Wednesday, June 22, 2016

Recovery is Training Too

By David Ertl, PCG Elite Coach

The 2016 training and racing season is cranking up, and so is your training.  You are accumulating miles, hours in the saddle, and loads of training stress score (TSS) numbers.
Your fitness is increasing, and you are getting stronger and faster.  You are also getting more fatigued.

As a coach, I rarely have to encourage athletes to get on their bike and ride.  Most athletes who are motivated to seek out and pay for a coach are also motivated to train hard.  More often than not, I have to encourage the athlete to train a little less and spend more time recovering.  It’s true, the more and harder one rides, the stronger they will get, but only up to a point.  If they don’t allow their body to recover, their hard work won’t get translated into increased fitness.  In fact, it will work against them, and drive them into sustained fatigue, which can lead to over-training if not addressed.

I like to remind people that riding, what people consider training, actually breaks the body down.  It creates injuries to the muscles that must heal.  It’s the rest and recovery that allows this damage to heal.  In the process, the healing results in increased fitness.  Shortchanging the recovery process shortchanges your training.  You need to balance the riding with the resting.  In this regard, resting and recovery is an important component of training, as much as the working out.  It will serve you well to remember that recovery is as important as riding for increased fitness, and is indeed part of training, as are proper attention to nutrition and hydration.  Focusing only on riding will not address all aspects of fitness and training.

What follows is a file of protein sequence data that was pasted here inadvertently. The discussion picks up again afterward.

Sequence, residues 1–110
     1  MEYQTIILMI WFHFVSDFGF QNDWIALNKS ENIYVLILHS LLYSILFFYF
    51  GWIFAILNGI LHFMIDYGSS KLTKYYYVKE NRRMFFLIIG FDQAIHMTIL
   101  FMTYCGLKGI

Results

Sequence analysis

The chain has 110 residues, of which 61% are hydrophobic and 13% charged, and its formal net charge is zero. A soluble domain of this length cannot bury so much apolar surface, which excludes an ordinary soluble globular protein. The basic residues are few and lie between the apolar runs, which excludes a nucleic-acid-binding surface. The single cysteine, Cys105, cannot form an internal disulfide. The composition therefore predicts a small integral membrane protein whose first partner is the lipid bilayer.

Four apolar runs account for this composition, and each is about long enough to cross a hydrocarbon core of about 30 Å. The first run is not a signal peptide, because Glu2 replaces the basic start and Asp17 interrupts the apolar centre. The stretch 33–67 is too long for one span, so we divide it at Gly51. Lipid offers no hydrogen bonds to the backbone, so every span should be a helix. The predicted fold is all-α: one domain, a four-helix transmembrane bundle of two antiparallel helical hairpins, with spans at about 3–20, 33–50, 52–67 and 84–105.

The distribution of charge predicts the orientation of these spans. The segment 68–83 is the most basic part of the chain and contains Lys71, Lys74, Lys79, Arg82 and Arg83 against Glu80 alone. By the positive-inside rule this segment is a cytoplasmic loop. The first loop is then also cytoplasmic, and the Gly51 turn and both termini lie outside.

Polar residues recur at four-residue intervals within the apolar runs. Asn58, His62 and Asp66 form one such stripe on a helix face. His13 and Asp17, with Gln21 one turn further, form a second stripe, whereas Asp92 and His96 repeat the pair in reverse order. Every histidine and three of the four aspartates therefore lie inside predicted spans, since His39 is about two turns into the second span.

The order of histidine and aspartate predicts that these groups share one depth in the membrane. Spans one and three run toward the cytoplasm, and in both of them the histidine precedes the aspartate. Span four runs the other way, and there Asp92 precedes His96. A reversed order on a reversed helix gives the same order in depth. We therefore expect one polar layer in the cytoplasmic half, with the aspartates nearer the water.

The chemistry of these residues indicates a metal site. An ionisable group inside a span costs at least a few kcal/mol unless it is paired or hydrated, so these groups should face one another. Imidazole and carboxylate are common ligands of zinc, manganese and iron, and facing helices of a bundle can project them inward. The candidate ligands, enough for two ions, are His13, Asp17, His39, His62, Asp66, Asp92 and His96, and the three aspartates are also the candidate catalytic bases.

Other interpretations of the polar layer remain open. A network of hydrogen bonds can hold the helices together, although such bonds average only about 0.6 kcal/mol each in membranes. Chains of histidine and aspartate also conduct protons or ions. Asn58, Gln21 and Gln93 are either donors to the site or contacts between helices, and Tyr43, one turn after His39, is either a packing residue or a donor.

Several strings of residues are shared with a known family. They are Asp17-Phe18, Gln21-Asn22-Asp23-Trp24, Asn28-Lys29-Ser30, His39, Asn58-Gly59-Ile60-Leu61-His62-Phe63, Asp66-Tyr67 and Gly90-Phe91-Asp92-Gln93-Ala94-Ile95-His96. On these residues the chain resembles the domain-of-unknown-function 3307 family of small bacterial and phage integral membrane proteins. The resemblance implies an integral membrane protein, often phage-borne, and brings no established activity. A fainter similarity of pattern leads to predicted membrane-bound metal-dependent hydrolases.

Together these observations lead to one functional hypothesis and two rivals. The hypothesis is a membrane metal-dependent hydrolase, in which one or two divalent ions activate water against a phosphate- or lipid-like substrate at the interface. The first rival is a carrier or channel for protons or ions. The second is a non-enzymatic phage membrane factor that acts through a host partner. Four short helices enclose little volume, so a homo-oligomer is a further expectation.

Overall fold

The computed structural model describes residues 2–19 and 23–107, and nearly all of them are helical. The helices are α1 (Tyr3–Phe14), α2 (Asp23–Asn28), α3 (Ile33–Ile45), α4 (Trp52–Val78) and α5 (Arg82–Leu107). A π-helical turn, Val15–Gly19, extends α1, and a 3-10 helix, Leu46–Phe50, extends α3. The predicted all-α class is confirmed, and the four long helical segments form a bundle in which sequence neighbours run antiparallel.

The training stress balance metric (TSB) is a way to monitor your fatigue and need for rest when training with power.  As you workout longer and harder, your TSS will increase and your TSB will decrease.  The lower the TSB value, the more accumulated fatigue you have.  In order to get stronger and fitter, you must sustain fatigue and drive TSB into negative territory.  But you can’t keep it there indefinitely as you pile on the miles.  You need to ‘come up for air’ periodically and allow yourself to recover and get your TSB back above zero.  Experiment with your own ability to tolerate fatigue by watching your TSB and discovering the point where you need to rest and recover before piling on more stress.

So as you attack this training and racing season, remember that recovery is just as important as training, and in fact is an equal part of training.

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